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POLICE

Armed ‘robber’ causes Berlin station chaos

The would-be thief failed to impress staff in two hold-ups at stalls on Monday before he was apprehended by police.

Armed 'robber' causes Berlin station chaos
Photo: DPA

The 29-year-old first tried to rob a confectionary kiosk at the entrance to the Warschauer Straße S-Bahn station in the east of the city at 2 a.m., threatening staff with a blank-firing pistol.

When a salesman bluntly refused his demands to empty the cash register, the frustrated thief fired two blank rounds in a futile bid to scare them into compliance before running away.

Passers-by ran in panic as the pistol-wielding man tried again at the next kiosk, where he fared no better. The 22-year-old salesman also refused to hand over any money and was also shot at ineffectually as the man grew steadily more irate.

He then ran into the station and tried to hide among passengers on a departing train. Plain clothes police officers arriving at the scene stormed the carriage with drawn pistols and met no resistance as they handcuffed the suspect.

No one was seriously hurt but police said the first store attendant was later treated for tinnitus, or ringing in his ears, caused by the noise of the shots.

A blank-firing incident triggered panic on an intercity train travelling from Berlin to Hamburg last month when a conductor asked a passenger for his ticket. The man was overpowered by other passengers before police boarded the train and arrested him.

SEE ALSO: Passengers stop gunman on Berlin-Hamburg train

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POLICE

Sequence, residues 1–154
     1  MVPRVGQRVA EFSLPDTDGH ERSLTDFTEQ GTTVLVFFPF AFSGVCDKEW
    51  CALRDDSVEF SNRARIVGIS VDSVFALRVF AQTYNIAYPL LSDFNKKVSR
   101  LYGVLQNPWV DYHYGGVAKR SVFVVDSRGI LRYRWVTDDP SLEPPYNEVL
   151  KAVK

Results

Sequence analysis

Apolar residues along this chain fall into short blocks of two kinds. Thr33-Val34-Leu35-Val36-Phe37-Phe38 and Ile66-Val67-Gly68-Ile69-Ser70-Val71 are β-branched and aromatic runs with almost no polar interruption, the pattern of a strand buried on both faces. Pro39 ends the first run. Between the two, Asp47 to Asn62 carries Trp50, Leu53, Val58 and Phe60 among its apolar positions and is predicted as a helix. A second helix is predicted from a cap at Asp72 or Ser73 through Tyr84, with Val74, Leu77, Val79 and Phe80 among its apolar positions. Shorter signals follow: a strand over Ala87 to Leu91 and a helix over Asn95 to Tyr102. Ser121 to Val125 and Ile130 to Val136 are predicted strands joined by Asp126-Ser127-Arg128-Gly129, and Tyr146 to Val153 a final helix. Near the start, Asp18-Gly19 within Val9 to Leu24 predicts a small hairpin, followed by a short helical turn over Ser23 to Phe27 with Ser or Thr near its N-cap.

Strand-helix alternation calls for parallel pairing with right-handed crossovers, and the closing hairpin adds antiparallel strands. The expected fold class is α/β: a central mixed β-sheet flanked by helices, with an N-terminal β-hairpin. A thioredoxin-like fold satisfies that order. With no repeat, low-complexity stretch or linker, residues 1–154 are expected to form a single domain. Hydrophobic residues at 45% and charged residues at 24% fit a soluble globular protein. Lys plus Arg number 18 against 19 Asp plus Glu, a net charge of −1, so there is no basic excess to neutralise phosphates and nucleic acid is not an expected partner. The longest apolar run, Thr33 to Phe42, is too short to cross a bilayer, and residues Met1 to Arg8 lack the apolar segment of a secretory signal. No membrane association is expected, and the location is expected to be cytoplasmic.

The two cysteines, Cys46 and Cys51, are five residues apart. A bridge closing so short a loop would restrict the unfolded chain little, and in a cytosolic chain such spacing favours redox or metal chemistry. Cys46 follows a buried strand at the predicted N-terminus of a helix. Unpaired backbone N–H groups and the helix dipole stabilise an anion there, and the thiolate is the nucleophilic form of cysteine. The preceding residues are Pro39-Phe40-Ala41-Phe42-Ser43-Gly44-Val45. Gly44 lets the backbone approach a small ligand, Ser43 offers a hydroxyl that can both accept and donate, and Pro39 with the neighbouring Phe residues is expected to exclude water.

German police under fire for using tracing app to find witnesses

German police drew criticism Tuesday for using an app to trace contacts from bars and restaurants in the fight against the pandemic as part of an investigation.

A barcode used for the Luca check-in app to trace possible Covid contacts at a Stuttgart restaurant.
A barcode used for the Luca check-in app to trace possible Covid contacts at a Stuttgart restaurant. Photo: picture alliance/dpa | Marijan Murat

The case stemming from November last year began after the fatal fall of a man while leaving a restaurant in the western city of Mainz.

Police seeking possible witnesses made use of data from an app known as Luca, which was designed for patrons to register time spent in restaurants and taverns to track the possible spread of coronavirus.

Luca records the length of time spent at an establishment along with the patron’s full name, address and telephone number – all subject to Germany’s strict data protection laws.

However the police and local prosecutors in the case in Mainz successfully appealed to the municipal health authorities to gain access to information about 21 people who visited the restaurant at the same time as the man who died.

After an outcry, prosecutors apologised to the people involved and the local data protection authority has opened an inquiry into the affair.

“We condemn the abuse of Luca data collected to protect against infections,” said the company that developed the Luca app, culture4life, in a statement.

It added that it had received frequent requests for its data from the authorities which it routinely rejected.

Konstantin von Notz, a senior politician from the Greens, junior partners in the federal coalition, warned that abuse of the app could undermine public trust.

“We must not allow faith in digital apps, which are an important tool in the fight against Covid-19, to disappear,” he told Tuesday’s edition of Handelsblatt business daily.

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